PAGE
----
featherlight97 More than 1 year ago
Daring the Bad boy by Monica Murphy This is such a cute, heart-melting read! It makes me want to go back and relive those moments of first love!! l also enjoyed the dual POVs in this story. I love knowing what each character is thinking! Annie is the 16 years old good girl and has never been done anything spontaneous in her life. She's known as the quiet, shy girl that always has her face in a book. She's never had any attention from the boys unless you mean being made fun of by them. She decides this summer is the summer to change all that. She's going to Summer camp where no one knows her and she can become anyone she wants! She plans on making lots of friends and finding the hottest guy in camp and make him her boyfriend. Oh and don't forget learning how to swim! Jake is the 17 year old bad boy. His mom died when he was 14 and his dad became withdrawn and basically neglected Jake as a way of dealing with his grief. Jake's attempt at getting his father's attention is doing stupid pranks which ends up getting him in trouble with the law. His father has had it and ends up sending him away for the summer to work at Jake's Uncles Camp. He's to be under strict supervision! One more screw up and he's off to Juvie! Upon arriving at camp, Annie quickly puts her sights on Kyle to be her soon to be boyfriend. Then she meets Jake whom she end up blackmailing to give her swim lessons and give her info on Kyle. But the more and more time she spends with Jake, does she really like Kyle as much as she thought she did?! Jake can't seem to get Annie off his mind, he may be falling for her but there's one problem- relationships between counselors and campers are completely off-limits! If Jake gets in any trouble he's headed straight for Juvie! Are they willing to break the rules and risk getting caught to be with each other? This is a easy, light summer read! This is Young Adult and Monica proves that she can pull off writing any genre of book!! I received a copy in exchange for my honest review.
teetee1968 More than 1 year ago
Monica Murphy is my MUST read author. So, when she writes a young adult, I read a young adult! Though, not my normal genre. Annie & Jake brought such wonderful young love to life in this fantastic book. Is there any young girl who doesn't want to fall in love at summer camp? Great story telling by Monica Murphy. I am still feeling nostalgic for young love after reading this book!!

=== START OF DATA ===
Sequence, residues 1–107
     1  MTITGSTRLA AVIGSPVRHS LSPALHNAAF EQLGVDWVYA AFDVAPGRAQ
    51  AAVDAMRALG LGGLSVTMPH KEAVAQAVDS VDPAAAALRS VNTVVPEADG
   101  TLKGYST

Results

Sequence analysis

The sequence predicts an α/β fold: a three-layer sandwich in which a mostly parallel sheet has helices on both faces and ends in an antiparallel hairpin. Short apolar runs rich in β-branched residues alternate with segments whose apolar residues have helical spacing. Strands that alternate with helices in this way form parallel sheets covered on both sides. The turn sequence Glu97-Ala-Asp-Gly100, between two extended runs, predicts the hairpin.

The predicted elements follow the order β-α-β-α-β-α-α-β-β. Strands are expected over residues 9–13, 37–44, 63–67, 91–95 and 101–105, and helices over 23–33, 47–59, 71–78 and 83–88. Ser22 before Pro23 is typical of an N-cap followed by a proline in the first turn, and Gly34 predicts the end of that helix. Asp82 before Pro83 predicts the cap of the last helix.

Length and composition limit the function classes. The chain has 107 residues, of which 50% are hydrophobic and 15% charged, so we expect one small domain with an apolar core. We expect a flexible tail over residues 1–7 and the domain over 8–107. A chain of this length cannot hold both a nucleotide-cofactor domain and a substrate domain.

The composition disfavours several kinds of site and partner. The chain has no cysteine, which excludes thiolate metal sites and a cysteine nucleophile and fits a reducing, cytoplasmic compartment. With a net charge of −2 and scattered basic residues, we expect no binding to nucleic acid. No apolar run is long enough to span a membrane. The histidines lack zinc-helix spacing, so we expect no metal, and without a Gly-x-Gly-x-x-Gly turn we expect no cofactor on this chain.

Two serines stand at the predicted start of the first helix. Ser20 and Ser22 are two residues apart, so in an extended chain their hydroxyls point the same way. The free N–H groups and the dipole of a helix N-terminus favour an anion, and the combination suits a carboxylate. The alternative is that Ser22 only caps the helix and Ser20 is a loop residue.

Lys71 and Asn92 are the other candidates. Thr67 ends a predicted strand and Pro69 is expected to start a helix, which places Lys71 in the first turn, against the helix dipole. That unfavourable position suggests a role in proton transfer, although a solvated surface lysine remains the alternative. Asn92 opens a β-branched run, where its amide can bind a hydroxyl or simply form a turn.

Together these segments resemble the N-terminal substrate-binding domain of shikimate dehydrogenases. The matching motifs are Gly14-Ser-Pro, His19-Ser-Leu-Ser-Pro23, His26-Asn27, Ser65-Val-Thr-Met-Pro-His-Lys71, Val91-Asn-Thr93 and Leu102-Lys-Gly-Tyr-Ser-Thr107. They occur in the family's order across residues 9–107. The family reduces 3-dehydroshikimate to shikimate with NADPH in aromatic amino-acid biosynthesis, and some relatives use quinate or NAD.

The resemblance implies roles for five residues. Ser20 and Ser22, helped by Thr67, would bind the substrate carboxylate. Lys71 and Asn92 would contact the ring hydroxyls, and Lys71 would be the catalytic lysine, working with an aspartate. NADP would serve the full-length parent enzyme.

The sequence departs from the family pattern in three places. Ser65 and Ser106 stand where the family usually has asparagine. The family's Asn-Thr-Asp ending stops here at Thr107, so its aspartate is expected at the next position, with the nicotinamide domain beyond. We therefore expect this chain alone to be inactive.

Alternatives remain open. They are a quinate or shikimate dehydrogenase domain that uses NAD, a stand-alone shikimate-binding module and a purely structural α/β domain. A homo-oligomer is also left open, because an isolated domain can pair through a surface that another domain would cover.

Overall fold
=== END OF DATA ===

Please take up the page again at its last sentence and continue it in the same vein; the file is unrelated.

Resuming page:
JennC2630 More than 1 year ago
It has been so long since I've read YA that this book felt a refreshing breath of cool air. This is also the first YA of Murphy's that I've read, since I tend to read more romance. I have to say, she hit the nail on the head. While there were a few things I would have appreciated being added (like a conclusion with the other girls in the cabin), Murphy was able to create such realistic characters and situations. Annie and Jake were both at the camp to change...one for themselves, one for others...and when they finally got together it was perfect. I liked that Jake was kind of gruff and didn't want to accept what was going on in terms of his feelings for Annie. I appreciated that Annie was strong enough to put herself out there and that she had a little bit of bad in her (even if it was way outweighed by her blushing innocence). Overall, the book was a great read. I was invested and interested the entire time and wanted to see how these characters ended up together. I liked the secondary relationships that Annie and Jake had (Brian, Kelsey, etc.) and that it wasn't all sunshine and roses. I do think I would have liked to see more of them actually being together, but the "emotional foreplay" was so much fun. Murphy hit another one out of the park.
mrsdiddy More than 1 year ago
Daring the Bad Boy is everything a YA romance should be–sweet, funny, romantic and a little angsty. A fabulous YA read! Annie is shy and a little awkward. Jacob is a bad boy. They are total opposites. So, when they cross paths at summer camp, Jacob as a counselor and Annie as a camper, forbidden sparks fly. The camp has a strict rule about campers and counselors getting involved. It’s especially important that Jake tow the line since his uncle owns the camp and if he screws up, his uncle will tell his dad and Jake will head straight to juvie, don’t pass go, don’t collect $200 dollars. But is the risk worth the reward? I loved Jacob! He is the penultimate teenage bad boy with a heart. Annie brings out the best in him and him in her. I haven’t read a YA book in a while, but some of my favorite books are from the YA genre. This sweet, funny romance just rocketed its way up into my top 10 YA books of all time. Monica Murphy solidifies herself in yet another genre. Do NOT pass this one up! I received an ARC in exchange for an honest review.
astroyic More than 1 year ago
Loved this cute and sweet YA romance. This story hooked me at the start and I could not put it down. This was about new friendships and brings all those feelings of that first love, with the drama and angst of being a teenager. This was well written with lovable characters that will make you wish that you were a teenager again and at summer camp right along with them. Loved the dual POV. This was a fun and sweet summer read that I will definitely have to read again. Highly Recommended. Received a complimentary copy through NetGalley in exchange for a honest review.